“Repetition is truly that which disguises itself in constituting itself, that which constitutes itself only by disguising itself. It is not underneath the masks, but is formed from one mask to another, as though from one distinctive point to another, from one privileged instant to another, with and within the variations.”
—Gilles Deleuze, Difference and Repetition (trans. Paul Patton)
One of the most common theories about why Americans read so little foreign literature is that we already have the foreign at home. As Esther Allen is quoted in the now-notorious article “America Yawns at Foreign Fiction,” “on the one hand we feel very cosmopolitan, with Mexican restaurants and cab drivers who speak Swahili, and we feel that we inhabit a mind-boggling multicultural universe, but at the end of the day, it breaks down to different ways of being American.” This, I think, still encapsulates the stakes of both writing and translating multicultural literature: writing as a way of carving out belonging, building a home with many windows; and translating as a way of challenging the facile exoticisms, the banal varieties of foreignness to which we have grown accustomed, complacent.
Gabriella Kuruvilla’s story “Barbie,” like the others in the collection from which it is drawn, forges a complex dialogue about dual identity within an increasingly yet awkwardly multicultural Italy, and like the rest of the work in the September 2016 issue of Words without Borders, it has a certain immediacy and urgency in its national context that it does not have abroad. And so although it doesn’t speak directly to us in the same way, it is certainly familiar.
For one, the story’s prose is distinctive. As opposed to many of the contemporary Italian works I have read and translated, Kuruvilla’s language is concise, unlyrical, ironic, and all exposition, its details neatly contained in structures and metaphors—it has an American minimalism descended from the Hemingway school, an element I play up in the translation by using short sentences and staccato rhythms. Kuruvilla’s opening sentence is several lines long, beginning with “L’ho fatto anche oggi: [. . .]” (“I did it also today: [. . .]”) and going on to recount what she did. My full-stop rendering, “I did it again today,” announces an even greater foreboding, perhaps intensified by its faint resonance with the famous first line of Camus’s The Stranger.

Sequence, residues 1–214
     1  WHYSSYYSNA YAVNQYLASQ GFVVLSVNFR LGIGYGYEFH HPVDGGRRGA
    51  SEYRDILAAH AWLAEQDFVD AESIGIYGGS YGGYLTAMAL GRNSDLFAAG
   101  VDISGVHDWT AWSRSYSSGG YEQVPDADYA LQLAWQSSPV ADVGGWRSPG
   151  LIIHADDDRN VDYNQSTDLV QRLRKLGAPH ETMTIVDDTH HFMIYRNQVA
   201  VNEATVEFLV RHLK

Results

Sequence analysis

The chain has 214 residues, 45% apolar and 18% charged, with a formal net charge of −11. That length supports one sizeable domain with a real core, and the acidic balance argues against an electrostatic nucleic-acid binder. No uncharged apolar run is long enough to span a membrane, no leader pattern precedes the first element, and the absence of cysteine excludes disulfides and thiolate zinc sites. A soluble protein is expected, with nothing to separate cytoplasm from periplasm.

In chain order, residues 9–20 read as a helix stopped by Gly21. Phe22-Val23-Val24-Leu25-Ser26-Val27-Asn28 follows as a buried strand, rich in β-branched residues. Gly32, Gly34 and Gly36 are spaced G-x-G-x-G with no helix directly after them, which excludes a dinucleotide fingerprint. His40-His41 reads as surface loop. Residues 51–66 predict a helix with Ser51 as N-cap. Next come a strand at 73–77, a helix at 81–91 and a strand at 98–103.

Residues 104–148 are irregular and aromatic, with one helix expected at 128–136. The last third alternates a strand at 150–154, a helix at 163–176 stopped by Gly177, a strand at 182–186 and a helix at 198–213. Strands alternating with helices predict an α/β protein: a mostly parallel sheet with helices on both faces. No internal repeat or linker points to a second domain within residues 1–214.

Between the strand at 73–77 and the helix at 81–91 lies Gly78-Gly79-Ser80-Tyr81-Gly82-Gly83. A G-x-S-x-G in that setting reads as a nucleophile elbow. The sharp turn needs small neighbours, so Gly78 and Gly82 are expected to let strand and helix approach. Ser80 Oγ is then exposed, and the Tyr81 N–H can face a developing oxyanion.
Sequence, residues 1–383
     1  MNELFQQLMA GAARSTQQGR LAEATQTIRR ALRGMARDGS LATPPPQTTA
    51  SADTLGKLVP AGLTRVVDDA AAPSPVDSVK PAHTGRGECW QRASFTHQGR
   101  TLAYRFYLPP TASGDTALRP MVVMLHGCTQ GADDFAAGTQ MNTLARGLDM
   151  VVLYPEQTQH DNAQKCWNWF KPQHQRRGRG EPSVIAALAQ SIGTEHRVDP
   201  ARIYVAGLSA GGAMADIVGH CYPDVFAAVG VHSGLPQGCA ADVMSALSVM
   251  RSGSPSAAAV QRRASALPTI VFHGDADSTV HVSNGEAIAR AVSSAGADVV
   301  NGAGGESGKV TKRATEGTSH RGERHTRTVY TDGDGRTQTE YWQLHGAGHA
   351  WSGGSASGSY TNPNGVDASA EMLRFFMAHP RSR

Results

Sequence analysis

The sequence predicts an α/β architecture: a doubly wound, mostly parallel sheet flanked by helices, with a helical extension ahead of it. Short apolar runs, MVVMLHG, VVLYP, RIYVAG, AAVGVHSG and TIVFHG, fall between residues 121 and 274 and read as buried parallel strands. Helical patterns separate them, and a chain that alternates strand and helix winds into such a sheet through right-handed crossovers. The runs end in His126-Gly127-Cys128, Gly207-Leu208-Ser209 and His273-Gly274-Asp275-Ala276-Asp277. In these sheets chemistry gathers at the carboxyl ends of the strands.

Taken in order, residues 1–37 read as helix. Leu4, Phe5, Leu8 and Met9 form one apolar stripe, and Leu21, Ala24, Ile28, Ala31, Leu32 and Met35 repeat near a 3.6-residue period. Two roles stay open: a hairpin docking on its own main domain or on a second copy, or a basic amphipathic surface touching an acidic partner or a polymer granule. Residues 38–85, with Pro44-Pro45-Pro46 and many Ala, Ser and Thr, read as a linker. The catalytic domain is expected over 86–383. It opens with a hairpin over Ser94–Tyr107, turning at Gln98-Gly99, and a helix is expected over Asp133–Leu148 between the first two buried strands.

Doing it again. The story is structured on repetition and doubling from the very beginning. What is being repeated? The main character, an Indian-Italian named Mina, aka Patmini, has been abandoned by her partner, the father of her young twins, for a young blond American. She reacts by spending her days while her kids are at school obsessively reenacting this rejection: she goes to different cafés to change from her plain (“Italian”) clothes into an exaggerated Indian costume, and then stands by traffic lights shaking a Barbie and yelling “whore of a doll!” (“troia di una bambola!”). If identity is the product of the “stylized repetition of acts” (Butler), this is identity gone haywire. Her performance exposes ethnic identity as a cultural code, which not only relies on subconscious imitation but takes on an entirely different shape and meaning depending on context. In Milan, Italy’s fashion capital, one day being Indian is in, the next day it’s out. English, however, is in: so there is English used in the original Italian when Mina’s textile designs are described as being labeled “Made in India” rather than “Fatte in Italia.” The function of English in Italy is then inevitably muffled in the translation.
Mina’s repetition of acts is mirrored by various forms of repetition throughout the text, creating a structure of echoes and parallels. Thus in translation I sought to find forms of repetition that worked in English in addition to repeating lines or words that were repeated in the Italian, from the list of “props” in the character’s bag to phrases like “old adolescent,” and from parallelisms like “drowning” both idle conversation and the self in alcohol to proverbial statements like “lateness is the antechamber of abandonment.”
Repetition is also the story’s indirect way of exploring the problem of assimilation, which is represented in all its ambiguity and ambivalence. When the main character’s act of demonstration causes the police to pick her up, they note with surprise that she is an Italian citizen and release her without comment. In turn, we may wonder how that scene might have unfolded if she were an immigrant—citizenship is a privilege that trumps the disadvantages of difference. Then there is the question of raising children. While the main character goes primarily by Patmini and not her given name, Mina, her twins have, at their India-obsessed father’s insistence, the common Indian names Ashima and Sandip, which she plans to change to the common Italian names Paola and Luigi. Perhaps this is to spare them the sort of tokenism to which she herself has been subject. While Barbie’s assembly-line ideal represents the most normative standards of white beauty—another familiar element of the story— Patmini/Mina is by no means immune to the desire to conform to the mainstream.
Is it assimilation when it’s your own country? Perhaps it boils down to a different way of being Italian. Just as in translation, the foreign is not an absolute value when it devolves into imperialist exoticism. Rather, it must be part of a new interpretation—one that contains both repetition and difference, and that can appreciate multiple forms of hybridity as not mutually exclusive but reciprocally illuminating.
Published Oct 5, 2016 Copyright 2016 Jamie Richards